- Start giving him small amounts of cool or lukewarm water to get him hydrated. Again, do not give an overheated dog cold water or ice.
- Contact the vet promptly. Make sure to get your dog checked even if he successfully recovered. The vet might require him to be monitored for health complications caused by heat stroke.
How do vets treat heat stroke in dogs?
Treating heat stroke involves checking your dog’s body temperature and vital signs. After that, the vet will administer the appropriate treatment such as:
- Intravenous fluid (IV) drip
- Cooling enemas
- Supplemental oxygen
Dog heat stroke treatment also includes monitoring their condition for possible health complications. These may include shock, kidney failure, respiratory and heart problems.
Blood clotting is a common complication as well. Thus, blood samples may be collected before and during the treatment. This is to observe the clotting time of your dog’s blood.
Aftercare for Dog Heat Exhaustion
Most cases of dogs with moderate heat stroke recover without complications. If hyperthermia is severe or lacked immediate intervention, it may result in organ damage. The vet might prescribe a special diet for your dog to aid his recuperation.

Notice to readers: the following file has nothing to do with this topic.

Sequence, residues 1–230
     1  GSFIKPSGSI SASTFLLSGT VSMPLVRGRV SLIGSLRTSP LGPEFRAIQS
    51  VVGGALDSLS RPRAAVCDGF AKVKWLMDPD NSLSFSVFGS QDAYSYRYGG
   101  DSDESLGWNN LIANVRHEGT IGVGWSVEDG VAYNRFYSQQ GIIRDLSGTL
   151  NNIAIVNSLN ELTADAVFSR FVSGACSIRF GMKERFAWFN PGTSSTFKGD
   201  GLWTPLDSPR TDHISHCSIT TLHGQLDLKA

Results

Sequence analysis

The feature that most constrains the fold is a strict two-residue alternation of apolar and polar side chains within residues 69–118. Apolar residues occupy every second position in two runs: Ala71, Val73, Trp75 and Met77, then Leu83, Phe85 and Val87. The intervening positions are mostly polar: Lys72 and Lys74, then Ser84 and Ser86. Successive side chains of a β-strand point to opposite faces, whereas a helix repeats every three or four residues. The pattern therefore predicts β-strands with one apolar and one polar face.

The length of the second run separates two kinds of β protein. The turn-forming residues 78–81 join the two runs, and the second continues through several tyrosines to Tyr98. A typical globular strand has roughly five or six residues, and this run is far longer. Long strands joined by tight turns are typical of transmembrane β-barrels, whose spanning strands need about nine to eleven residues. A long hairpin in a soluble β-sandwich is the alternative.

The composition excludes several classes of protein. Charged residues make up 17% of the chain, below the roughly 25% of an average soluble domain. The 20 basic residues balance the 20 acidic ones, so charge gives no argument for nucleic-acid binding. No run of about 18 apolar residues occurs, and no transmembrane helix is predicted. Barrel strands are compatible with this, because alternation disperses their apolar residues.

Dogs that had experienced heat stroke have high chances of going through it again. That is why it is crucial to take preventive measures to protect your pooch on hot days.
How to prevent heat stroke in dogs
There are lots of ways to make sure that your dog is safe from heat stroke. Below are useful tips that you can do in the summer season:
- Do not walk your dog during the hottest time of the day. Do it early in the morning or evening. If you are out for long walks, be sure to bring enough drinking water with you.
- Never leave your dog in a parked car. The temperature can quickly accumulate inside, which is extremely dangerous. Every year, many dogs succumbed to heat stroke due to being locked in a hot car.
- Our canine friends only have sweat glands on the pads of their feet to regulate body heat, drink water, pant, or rest. Thus, give your dog a generous amount of water every day.
- If you have a working dog, make sure to give him multiple breaks. Working dogs tend to be very focused on their task and they do not realise that their body cannot keep up with the heat. So monitor your pooch closely and do not let him overdo it.
- Consider doing doggy activities that involve water. Take him to the sea for a swim or let him play with the sprinkler in your backyard. This will not only keep him cool but will also give him the exercise that he needs.
- If you have a thick- or long-coated dog, you might want to give him a short haircut. It will help keep him cool during the hot months. Just make sure not to cut it too short as it protects his skin from the sun.
- Keep track of your dog’s health. Be sure to know if your furry companion is predisposed to any health conditions. Obesity, heart diseases, and respiratory problems can easily contribute to heat stroke.
Flat-faced or brachycephalic dogs are prone to heat stroke, whilst Arctic dog breeds should be kept in cold temperatures. Puppies and senior dogs can struggle during hot days as well. Take the necessary precautions to keep them cool despite the heat.